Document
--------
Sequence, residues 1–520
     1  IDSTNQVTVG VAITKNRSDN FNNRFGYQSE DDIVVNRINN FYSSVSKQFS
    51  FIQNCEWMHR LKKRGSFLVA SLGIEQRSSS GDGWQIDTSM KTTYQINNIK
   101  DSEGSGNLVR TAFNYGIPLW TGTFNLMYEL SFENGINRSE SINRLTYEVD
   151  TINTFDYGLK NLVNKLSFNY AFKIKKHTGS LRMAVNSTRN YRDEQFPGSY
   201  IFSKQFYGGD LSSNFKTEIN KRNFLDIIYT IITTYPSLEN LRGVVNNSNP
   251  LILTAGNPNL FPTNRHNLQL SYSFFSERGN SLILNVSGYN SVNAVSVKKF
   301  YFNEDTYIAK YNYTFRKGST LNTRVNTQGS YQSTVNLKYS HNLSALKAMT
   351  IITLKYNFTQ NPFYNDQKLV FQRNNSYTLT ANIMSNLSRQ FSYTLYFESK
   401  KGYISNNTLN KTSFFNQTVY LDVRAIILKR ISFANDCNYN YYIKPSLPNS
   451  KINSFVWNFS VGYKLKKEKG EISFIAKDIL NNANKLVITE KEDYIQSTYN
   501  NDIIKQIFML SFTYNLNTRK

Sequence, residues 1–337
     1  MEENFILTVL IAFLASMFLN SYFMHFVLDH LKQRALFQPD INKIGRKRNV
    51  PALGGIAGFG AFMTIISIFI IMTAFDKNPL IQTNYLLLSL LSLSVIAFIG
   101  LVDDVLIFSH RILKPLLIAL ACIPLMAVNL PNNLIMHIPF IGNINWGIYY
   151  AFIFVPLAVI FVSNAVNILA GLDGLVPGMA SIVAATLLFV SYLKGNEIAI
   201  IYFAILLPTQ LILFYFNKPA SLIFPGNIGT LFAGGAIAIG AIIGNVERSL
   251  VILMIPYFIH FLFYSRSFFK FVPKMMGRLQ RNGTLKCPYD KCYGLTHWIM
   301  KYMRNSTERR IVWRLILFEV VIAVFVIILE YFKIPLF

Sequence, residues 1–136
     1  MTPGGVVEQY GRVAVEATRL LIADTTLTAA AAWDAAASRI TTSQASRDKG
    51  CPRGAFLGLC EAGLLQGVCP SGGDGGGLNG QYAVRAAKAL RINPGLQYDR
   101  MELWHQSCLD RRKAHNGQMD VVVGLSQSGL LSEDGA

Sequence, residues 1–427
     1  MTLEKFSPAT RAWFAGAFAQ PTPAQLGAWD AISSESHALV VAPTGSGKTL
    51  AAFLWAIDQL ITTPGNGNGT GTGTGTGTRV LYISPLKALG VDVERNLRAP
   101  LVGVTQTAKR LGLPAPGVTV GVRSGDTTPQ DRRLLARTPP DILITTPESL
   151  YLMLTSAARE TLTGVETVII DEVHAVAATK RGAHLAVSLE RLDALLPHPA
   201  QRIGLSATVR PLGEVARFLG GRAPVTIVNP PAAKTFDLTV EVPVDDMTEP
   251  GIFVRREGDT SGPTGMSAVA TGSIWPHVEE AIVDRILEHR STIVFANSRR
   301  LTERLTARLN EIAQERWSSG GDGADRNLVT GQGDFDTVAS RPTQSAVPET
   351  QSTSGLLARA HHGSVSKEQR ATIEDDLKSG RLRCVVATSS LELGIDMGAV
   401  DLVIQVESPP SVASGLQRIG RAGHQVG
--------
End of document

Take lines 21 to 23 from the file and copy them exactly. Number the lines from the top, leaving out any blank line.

Sequence, residues 1–136
     1  MTPGGVVEQY GRVAVEATRL LIADTTLTAA AAWDAAASRI TTSQASRDKG
    51  CPRGAFLGLC EAGLLQGVCP SGGDGGGLNG QYAVRAAKAL RINPGLQYDR